Permitted Development Rights are automatic planning permissions granted by Parliament for certain specified classes of development. Some outline works which can be carried out on houses without seeking planning permission. Others are for changes of use. The rules are very complicated and can depend on the building type, its age, use, design or location. Our team is here to help you understand the rules and the freedoms that may apply to your site or property.
Your local authority may be able to help you with this although more and more of them no longer offer this service. However, there is an abundance of resources available online for both residential and commercial developers. Our team of friendly knowledgeable experts is happy to help you access, understand and interpret this information.
If your project requires planning permission, then the process will involve paying a fee to your local authority. Indeed, the fees can vary depending on the nature and scale of your project and the type of permission it will require. The Planning Portal offers a helpful cost calculator to help you work out the standard fees for your application. Alternatively, you can call our team to discuss your project in detail.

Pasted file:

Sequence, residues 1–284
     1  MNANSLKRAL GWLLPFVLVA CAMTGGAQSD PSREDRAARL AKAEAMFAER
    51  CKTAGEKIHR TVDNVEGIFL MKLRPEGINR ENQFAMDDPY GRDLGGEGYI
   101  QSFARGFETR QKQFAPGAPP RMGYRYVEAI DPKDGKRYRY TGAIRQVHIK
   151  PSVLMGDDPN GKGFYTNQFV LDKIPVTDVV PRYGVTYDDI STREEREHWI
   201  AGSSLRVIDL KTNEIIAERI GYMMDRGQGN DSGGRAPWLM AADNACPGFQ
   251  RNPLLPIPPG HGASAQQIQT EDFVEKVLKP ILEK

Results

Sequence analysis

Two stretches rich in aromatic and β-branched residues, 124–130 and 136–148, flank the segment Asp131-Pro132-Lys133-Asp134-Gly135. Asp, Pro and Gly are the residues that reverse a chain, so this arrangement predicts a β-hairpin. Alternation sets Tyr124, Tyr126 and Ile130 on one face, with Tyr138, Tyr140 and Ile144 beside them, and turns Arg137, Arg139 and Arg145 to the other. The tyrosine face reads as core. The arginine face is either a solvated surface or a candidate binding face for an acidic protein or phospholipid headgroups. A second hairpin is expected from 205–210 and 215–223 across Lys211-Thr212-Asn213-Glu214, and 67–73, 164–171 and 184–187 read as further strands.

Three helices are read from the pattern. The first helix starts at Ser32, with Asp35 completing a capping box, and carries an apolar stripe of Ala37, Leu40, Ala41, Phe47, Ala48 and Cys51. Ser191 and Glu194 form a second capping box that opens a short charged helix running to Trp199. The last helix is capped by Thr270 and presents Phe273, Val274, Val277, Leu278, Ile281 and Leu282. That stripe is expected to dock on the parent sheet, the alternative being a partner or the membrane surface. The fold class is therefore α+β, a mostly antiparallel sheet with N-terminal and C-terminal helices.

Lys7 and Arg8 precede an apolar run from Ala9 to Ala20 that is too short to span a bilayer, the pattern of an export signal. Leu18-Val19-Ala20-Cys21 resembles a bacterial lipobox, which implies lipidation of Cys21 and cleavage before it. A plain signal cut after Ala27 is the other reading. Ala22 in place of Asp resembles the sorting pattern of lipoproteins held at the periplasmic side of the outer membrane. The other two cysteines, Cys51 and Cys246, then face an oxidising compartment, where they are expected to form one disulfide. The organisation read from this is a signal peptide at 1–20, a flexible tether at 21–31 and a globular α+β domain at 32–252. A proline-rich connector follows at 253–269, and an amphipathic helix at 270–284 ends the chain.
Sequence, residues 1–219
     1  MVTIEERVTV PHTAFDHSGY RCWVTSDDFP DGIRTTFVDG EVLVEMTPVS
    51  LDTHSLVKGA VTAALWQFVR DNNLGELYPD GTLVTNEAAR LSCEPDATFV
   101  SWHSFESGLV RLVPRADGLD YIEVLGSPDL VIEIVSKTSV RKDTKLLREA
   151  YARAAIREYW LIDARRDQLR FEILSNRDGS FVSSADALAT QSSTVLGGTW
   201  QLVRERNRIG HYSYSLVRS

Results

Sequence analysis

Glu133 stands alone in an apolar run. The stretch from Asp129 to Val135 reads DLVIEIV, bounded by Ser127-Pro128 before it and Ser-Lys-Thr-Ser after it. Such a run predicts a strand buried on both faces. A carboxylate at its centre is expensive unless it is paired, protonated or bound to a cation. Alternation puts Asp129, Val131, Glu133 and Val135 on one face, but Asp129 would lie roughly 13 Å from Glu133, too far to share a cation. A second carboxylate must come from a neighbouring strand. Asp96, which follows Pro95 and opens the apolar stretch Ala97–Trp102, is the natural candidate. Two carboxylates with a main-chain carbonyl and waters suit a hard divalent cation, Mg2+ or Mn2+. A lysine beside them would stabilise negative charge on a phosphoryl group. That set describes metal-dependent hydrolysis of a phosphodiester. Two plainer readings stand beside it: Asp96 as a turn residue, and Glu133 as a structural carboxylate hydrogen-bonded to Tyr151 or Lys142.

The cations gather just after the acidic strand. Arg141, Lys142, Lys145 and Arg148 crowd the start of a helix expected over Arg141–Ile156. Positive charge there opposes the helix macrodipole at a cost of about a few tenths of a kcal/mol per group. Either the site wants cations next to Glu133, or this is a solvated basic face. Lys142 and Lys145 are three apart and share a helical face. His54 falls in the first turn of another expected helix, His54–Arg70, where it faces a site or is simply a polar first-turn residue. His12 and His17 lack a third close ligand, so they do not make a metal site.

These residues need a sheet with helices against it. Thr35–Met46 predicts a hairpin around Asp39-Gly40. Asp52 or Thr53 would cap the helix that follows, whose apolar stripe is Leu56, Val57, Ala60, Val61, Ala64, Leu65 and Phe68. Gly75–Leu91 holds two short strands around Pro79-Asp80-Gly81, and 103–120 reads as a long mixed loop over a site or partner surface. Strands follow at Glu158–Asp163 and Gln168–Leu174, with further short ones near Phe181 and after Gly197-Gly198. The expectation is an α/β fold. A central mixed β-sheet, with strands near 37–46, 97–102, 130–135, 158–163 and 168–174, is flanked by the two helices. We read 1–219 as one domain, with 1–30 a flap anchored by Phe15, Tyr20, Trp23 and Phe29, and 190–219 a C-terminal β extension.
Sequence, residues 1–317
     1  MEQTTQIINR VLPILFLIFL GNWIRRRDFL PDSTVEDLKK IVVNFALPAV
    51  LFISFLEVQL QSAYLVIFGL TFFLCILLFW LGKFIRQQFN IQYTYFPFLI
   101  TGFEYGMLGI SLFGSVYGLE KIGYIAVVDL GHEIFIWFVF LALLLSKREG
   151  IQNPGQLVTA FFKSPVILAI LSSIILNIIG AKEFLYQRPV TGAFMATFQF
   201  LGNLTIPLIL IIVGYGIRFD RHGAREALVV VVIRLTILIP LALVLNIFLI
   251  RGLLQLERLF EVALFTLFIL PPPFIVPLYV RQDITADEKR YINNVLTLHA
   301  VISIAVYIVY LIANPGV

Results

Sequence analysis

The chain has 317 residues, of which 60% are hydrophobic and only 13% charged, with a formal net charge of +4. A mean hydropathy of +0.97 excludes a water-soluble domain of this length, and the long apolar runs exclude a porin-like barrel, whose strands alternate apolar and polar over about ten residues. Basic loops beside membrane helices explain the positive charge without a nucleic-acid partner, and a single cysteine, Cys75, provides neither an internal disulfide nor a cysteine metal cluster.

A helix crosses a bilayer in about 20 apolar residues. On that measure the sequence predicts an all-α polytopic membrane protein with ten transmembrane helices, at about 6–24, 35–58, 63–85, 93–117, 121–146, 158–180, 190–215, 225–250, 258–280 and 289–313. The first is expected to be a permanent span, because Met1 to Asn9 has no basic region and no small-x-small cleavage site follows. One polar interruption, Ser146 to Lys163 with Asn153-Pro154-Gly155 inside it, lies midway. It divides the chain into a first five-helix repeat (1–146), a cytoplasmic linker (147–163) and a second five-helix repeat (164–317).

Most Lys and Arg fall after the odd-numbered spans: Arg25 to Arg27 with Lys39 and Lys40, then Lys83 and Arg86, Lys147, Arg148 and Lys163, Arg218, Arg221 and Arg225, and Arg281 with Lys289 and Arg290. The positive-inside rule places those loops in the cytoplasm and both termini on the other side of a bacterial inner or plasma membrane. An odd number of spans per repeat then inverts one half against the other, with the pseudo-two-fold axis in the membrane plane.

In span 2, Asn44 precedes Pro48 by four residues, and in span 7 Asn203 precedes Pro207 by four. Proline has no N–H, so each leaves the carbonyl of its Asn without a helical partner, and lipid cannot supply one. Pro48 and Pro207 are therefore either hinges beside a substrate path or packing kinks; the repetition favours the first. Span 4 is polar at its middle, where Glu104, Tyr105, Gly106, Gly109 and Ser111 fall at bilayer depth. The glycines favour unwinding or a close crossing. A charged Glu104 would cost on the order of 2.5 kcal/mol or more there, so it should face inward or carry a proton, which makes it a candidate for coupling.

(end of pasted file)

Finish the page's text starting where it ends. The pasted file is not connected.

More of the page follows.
Yes, you do not need to own land to apply for planning permission. But, as a rule, you must inform the following parties of your intention, prior to making an application.
- Land Owner in addition to any part owners
- Leaseholders with 7 years lease remaining
- Any agricultural Tenants
Outline planning is a form of planning application which you usually submit at an early stage to establish the principle of the development that you have in mind. Unlike full planning permission, it allows the applicant to submit fewer details of the project. Therefore, outlining the developer’s plans to authorities before any substantial costs are incurred. Stewart Management and Planning can help you prepare your application and include the key information required.
If development takes place without the correct permission, you may get a visit from your local council authority. A Planning Enforcement Officer will instigate an investigation and may request more information by serving a Planning Contravention Notice (PCN). You should not ignore PCN as it is a criminal offence not to comply with the requirements of a PCN in the timescale given.
If the investigation finds the work is in breach of planning regulations, you will be served an Enforcement Notice. If you have received an Enforcement notice you must act now. The penalty for breaching this notice is a maximum fine of £20,000 in Magistrates court or unlimited in Crown.
If you receive a PCN or an enforcement notice, don’t panic. Contact us and we will be able to advise you on the options available to you.